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Walgreens, Revlon Affirm Value in Tagging Promotional Displays
The largest U.S. drugstore chain is using radio frequency identification to track product displays at nearly all of its 5,000 stores, boosting sales by as much as 400 percent.
Each tag transmits its unique ID number via a proprietary air-interface protocol, utilizing its built-in battery to power some of its circuitry, thereby giving it a longer read range than passive tags. The reader receives this data and sends it, via the Internet, to a server where information—including the display's location, based on which antennas receive that transmission—is interpreted by Goliath software and made available to vendors and retailers, via a secure Web site hosted by Goliath. In this way, Revlon and other Walgreens suppliers can receive real-time updates regarding which displays are placed on the sales floor, as well as when and where.
Data from the point-of-sale terminals is also sent to the server. The software compares that information against the promotional display's store location, in order to evaluate the effectiveness of a specific display and its location. Walgreens' suppliers then pay a monthly or per-use fee to access that data.
The semi-passive tags have a long read range—100 to 200 feet—making them a good choice in stores. However, EPC Gen 2 UHF tags would be less expensive and more appealing for retailers, since such tags are offered by a number of RFID vendors, typically for logistics solutions. A proof-of-concept test is slated to begin at the end of March, Overhultz says, in a Chicago-area Walgreens. If the technology appears to work properly with the new tags, he adds, the readers can be replaced in all of the drugstore chain's locations.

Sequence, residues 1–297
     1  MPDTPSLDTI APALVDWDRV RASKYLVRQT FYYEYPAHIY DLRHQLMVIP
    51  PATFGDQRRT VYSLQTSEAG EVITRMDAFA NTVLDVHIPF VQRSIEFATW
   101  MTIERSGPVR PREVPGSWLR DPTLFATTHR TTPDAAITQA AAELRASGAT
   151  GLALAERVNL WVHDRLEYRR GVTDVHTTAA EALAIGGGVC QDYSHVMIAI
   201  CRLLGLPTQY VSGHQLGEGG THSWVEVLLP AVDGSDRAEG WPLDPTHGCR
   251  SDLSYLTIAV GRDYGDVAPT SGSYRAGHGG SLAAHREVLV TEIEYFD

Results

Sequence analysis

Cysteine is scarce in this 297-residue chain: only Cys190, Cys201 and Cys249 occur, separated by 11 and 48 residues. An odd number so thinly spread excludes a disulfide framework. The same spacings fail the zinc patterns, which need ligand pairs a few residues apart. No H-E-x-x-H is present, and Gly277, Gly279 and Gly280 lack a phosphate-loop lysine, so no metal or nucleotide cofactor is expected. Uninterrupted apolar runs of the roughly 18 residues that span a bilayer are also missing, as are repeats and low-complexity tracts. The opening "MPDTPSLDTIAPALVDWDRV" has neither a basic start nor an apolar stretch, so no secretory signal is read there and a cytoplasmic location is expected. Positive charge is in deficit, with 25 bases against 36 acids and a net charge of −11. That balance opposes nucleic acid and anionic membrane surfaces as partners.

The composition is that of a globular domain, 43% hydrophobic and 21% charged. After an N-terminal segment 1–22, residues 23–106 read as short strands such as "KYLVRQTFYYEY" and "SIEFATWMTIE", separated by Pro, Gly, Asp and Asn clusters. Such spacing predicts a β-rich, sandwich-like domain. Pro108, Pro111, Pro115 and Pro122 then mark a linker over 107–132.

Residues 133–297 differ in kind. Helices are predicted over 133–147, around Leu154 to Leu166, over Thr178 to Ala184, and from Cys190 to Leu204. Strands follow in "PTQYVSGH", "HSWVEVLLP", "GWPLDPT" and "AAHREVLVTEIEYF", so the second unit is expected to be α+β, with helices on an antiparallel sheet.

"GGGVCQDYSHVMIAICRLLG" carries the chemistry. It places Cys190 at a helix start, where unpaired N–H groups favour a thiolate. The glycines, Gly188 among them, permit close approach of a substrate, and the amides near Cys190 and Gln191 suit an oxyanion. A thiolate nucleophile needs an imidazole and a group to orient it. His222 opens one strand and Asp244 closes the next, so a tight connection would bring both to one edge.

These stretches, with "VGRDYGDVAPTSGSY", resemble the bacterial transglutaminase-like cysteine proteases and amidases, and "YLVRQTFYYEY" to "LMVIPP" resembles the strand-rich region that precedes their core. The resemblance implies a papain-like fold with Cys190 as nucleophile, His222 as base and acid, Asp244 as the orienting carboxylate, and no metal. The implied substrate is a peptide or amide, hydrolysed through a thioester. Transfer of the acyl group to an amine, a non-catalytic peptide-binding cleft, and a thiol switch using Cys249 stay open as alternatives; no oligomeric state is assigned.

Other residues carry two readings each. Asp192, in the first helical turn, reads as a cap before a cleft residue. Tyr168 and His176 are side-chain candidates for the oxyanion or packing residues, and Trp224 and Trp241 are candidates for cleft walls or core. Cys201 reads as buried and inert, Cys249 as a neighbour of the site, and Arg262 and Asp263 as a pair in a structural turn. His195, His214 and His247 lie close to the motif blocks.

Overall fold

According to Overhultz, because the read range of passive EPC Gen 2 tags is shorter than that of the Goliath semi-passive tags, more antennas may be required in a store's ceiling. However, he notes, Goliath has developed the system to read passive tags at distances greater than that usually attained for passive tags. He declines to describe how long that read range might be, or how the Goliath engineers have achieved such a range. He adds, however, that the interrogators would be unlikely to capture Electronic Product Code (EPC) numbers from tags the CPG companies place on products or cartons for logistics purposes. The display tags intended for reading by the Goliath system, he explains, would need to be applied at the best location for capturing reads from the ceiling antennas.
In some cases, Overhultz says, stores may choose to continue utilizing the existing semi-passive system. "Because long-range reads will be valuable for other applications," he notes, "we will continue to read such tags in addition to passive EPC tags." This can be accomplished with a multi-functional reader, designed and sold by Goliath, that could operate with either Goliath's semi-passive tags or passive EPC Gen 2 tags.
Wal-Mart is another retailer that has employed radio frequency identification to track promotional displays. One of its suppliers, Procter & Gamble, has indicated that the use of RFID to monitor when displays are moved to the sales floor has resulted in improved promotional effectiveness and increased sales and (see P&G Finds RFID 'Sweet Spot'). Nonetheless, P&G recently opted to cease tagging the product displays it sends to Wal-Mart (see Procter & Gamble Halts Tagging of Promotional Displays).
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